In Lebanon, humanitarian support in the form of cash grants was provided for food, housing and winterization to an annual average of 27,987 PRS. During the reporting period, UNRWA continued to provide quality, inclusive and equitable education to 5,254 PRS children; PHC services through 27 HCs; and vital protection and legal aid services to 4,262 PRS. In Jordan, cash grants for basic needs were provided to 16,159 PRS. In addition, 695 extremely vulnerable PRS families were supported through one-off emergency cash grants to help them absorb shocks and respond to specific protection concerns. Medical services continued to be extended to PRS through 29 health facilities across Jordan. The Agency also continued to provide basic education to 1,167 PRS and Syrian children in Jordan enrolled in 133 UNRWA schools.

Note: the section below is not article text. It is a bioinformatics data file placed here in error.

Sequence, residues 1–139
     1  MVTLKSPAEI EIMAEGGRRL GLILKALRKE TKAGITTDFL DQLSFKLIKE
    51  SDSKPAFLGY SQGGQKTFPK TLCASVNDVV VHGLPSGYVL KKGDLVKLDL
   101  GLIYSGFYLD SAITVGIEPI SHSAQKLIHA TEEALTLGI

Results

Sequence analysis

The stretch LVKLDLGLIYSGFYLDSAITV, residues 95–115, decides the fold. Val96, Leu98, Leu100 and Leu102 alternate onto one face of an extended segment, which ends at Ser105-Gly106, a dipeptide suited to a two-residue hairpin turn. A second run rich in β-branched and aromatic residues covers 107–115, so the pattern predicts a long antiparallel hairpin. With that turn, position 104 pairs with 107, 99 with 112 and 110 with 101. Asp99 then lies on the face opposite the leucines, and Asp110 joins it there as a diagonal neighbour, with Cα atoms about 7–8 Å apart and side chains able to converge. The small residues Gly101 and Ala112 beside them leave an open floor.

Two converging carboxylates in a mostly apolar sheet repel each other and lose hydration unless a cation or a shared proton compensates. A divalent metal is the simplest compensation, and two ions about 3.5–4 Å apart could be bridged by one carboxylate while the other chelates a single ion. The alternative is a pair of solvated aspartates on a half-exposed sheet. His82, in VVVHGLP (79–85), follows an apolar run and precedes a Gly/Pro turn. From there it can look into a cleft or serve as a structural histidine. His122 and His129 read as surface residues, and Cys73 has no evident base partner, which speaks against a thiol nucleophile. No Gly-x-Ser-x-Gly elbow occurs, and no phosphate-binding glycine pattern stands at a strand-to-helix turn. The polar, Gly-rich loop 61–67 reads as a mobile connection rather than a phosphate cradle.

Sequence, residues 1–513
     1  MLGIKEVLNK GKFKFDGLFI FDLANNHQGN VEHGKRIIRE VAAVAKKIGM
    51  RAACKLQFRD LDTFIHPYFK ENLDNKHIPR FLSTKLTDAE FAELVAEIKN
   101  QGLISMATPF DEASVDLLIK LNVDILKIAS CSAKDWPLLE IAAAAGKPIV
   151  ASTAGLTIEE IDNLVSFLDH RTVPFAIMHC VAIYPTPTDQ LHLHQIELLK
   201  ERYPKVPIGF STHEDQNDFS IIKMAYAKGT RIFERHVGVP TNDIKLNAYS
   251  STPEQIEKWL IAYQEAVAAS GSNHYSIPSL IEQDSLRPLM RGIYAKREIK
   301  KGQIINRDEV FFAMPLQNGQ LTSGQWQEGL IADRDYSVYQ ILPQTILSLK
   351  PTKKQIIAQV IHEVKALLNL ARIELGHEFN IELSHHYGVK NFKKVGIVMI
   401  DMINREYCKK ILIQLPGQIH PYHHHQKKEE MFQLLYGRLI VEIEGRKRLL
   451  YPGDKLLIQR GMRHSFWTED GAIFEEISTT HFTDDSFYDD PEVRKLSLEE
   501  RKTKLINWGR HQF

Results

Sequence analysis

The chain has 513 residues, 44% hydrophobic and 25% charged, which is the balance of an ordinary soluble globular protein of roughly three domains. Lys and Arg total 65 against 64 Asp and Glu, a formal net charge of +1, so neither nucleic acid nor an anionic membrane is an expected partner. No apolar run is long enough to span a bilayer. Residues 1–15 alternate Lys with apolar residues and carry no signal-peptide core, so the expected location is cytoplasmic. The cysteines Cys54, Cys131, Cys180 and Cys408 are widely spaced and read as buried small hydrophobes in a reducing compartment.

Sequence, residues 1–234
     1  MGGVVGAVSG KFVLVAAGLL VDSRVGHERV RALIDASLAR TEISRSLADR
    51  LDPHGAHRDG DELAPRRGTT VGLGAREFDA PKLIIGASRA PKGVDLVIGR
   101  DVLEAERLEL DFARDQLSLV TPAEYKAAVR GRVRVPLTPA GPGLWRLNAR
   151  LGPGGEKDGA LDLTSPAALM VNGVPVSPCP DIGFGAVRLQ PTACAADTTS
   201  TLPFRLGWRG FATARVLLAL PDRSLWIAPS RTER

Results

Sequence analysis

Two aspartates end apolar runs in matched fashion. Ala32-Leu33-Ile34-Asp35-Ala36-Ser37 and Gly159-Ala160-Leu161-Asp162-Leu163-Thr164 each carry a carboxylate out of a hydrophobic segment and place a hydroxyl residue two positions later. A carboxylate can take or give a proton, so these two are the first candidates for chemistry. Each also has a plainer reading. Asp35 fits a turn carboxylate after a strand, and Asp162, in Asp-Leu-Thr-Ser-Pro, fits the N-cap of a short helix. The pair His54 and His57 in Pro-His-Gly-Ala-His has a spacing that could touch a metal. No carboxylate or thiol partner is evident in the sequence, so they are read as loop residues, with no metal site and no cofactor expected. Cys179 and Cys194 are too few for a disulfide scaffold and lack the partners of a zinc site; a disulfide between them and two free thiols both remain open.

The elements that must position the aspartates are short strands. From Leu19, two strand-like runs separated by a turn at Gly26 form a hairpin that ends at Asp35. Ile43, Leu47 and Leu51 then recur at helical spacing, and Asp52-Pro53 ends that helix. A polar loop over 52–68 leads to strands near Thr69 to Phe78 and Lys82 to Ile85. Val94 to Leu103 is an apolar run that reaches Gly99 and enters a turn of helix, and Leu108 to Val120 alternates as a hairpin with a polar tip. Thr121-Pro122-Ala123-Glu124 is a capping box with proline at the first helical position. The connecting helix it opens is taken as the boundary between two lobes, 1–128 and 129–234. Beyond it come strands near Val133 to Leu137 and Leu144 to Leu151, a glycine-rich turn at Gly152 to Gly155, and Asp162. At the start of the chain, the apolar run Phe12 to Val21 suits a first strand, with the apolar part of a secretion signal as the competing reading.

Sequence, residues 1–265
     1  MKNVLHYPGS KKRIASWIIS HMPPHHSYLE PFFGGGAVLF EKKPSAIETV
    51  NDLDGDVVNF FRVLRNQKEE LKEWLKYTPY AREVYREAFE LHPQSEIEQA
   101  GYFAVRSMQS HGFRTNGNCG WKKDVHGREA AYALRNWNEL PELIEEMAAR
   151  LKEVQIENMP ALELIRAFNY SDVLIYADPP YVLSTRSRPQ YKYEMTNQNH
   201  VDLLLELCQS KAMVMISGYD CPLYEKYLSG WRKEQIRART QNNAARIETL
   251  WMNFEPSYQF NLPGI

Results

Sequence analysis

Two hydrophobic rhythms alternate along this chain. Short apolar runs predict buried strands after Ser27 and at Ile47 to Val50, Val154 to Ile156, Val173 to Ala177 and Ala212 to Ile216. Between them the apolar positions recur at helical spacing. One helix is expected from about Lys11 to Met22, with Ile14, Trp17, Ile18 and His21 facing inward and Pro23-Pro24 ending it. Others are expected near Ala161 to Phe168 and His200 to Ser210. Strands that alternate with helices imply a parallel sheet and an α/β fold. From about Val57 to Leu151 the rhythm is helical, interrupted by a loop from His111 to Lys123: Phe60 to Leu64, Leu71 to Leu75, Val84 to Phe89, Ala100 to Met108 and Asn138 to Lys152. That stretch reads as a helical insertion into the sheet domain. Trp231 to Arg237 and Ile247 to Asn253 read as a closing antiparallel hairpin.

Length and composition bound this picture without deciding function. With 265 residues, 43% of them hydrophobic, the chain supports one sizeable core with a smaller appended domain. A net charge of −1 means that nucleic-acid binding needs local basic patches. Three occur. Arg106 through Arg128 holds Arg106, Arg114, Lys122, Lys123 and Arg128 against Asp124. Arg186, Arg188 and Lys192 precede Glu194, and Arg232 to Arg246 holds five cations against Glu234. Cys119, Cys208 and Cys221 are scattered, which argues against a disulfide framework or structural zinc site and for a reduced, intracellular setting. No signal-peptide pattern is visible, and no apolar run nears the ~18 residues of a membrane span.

The 2018 funding crisis continued into 2019. The Agency raised US$ 1 billion across all portals during the year. For the programme budget, UNRWA received US$ 619.2 million,7 US$ 130.8 million short of total requirements and US$ 231.6 million less than in 2018. Although services were maintained and key education and health indicators largely met, certain programmatic adjustments had to be made during the year, as detailed throughout this report. The Agency was unable to lift the ceiling on its social safety net programme (SSNP), which has remained frozen since 2013, despite increasing poverty across many fields of Agency operation, whilst the proportion of classes in UNRWA schools with more than 40 pupils rose to more than 52 per cent.8 Additional measures undertaken to manage expenditure included vacancy management, delayed recruitments, a temporary increase in the age of retirement and the increased use of daily paid contracts. Expenditure on maintenance and replacement of IT equipment and vehicles was also reduced whilst, at the end of the year, a number of unfunded liabilities were carried forward into 2020.